Ideally, the little freezer would have uncooked meat on the bottom shelf, vegetables and cooked meat in the middle, and fruits and miscellaneous items on the top. In real life, stuff tends to get stuck wherever someone finds a space, and then I have to get someone to find things for me when I want them. I do keep an inventory, so at least I know what’s in there to look for!
Like the slow cooker, the freezer lets me shift my prep time, so that I’m not starting from scratch when it’s already late and everyone is hungry and cranky.
Some canned tomatoes and kidney beans, a package of cooked ground beef with onions, and I’ve got chili ready to roll.
If I take out a package of chopped cooked chicken in the morning or defrost it in the microwave, we can have chicken and rice in the time it takes to make rice.
I still have to do the prep in advance, of course, but the freezer allows me to do it on my time, to pick a day I’m not otherwise busy and go to town. I can also do it in big batches, like I did with those chicken breasts, which saves energy cuts down on overall labor.
One thing you won’t usually find in my freezer are prepared meals. I know some people swear by them, but it’s never really worked for us.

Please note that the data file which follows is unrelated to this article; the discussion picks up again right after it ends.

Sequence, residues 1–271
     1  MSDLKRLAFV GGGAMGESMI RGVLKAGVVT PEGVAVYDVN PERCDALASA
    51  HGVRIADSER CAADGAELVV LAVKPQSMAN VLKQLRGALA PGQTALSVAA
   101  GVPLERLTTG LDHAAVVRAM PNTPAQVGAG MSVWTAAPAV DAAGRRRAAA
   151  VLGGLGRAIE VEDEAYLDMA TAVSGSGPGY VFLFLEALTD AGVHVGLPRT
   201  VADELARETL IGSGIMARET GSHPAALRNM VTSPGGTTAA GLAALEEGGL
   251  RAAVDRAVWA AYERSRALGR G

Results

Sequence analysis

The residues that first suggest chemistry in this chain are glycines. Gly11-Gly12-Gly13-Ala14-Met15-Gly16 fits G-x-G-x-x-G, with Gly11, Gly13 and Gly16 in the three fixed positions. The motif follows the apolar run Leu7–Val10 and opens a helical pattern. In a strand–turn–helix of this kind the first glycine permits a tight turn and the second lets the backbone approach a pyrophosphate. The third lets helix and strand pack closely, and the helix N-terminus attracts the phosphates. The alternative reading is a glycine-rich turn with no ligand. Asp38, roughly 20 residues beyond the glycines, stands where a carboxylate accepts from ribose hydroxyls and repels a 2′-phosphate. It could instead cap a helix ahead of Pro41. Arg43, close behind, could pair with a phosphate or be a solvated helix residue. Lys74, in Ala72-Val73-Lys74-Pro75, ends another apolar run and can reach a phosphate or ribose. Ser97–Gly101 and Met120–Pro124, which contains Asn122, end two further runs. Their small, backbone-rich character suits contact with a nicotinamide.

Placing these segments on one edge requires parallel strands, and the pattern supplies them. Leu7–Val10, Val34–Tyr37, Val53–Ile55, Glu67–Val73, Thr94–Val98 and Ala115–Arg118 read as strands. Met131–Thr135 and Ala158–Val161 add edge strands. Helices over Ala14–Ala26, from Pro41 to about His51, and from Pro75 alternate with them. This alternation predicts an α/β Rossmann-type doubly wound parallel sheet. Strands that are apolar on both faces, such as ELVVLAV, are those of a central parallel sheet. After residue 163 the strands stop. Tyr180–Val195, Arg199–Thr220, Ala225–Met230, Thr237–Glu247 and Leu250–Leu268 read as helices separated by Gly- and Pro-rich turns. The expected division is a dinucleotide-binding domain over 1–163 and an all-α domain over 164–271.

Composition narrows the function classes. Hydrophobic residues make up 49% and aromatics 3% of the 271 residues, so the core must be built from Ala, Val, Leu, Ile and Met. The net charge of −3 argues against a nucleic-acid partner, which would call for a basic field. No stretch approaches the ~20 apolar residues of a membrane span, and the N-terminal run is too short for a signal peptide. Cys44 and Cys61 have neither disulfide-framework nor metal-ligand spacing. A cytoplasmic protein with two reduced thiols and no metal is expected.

For one thing, I have limited freezer space and I don’t have a lot of containers large enough to freeze entire meals. I might freeze a package of ham slices or holiday turkey large enough to serve as the basis for another meal, but that’s as far as I go. Side items and veggies don’t take that long to cook.
For another, my family is perfectly happy to devour leftover soups and casseroles as lunches the next day, or even have them for breakfast. We need those meals, too, and leftovers are quick and easy when someone’s in a hurry, so that works out just fine for me.
I have thought about freezing single portions so they can be grabbed and heated on the go, but it seems like a lot of trouble when there’s usually something else quick around, and I’m not sure how well even smaller containers would fit in the freezer. They’d be great for packed lunches, but no one here carries their lunch right now, so it seems like an unnecessary step.
Do you have a slow cooker? How often do you use it, and what do you make? Do you find that your freezer helps you save money?
From Crystal: I’m trying some of these recipes over the next two weeks, thanks!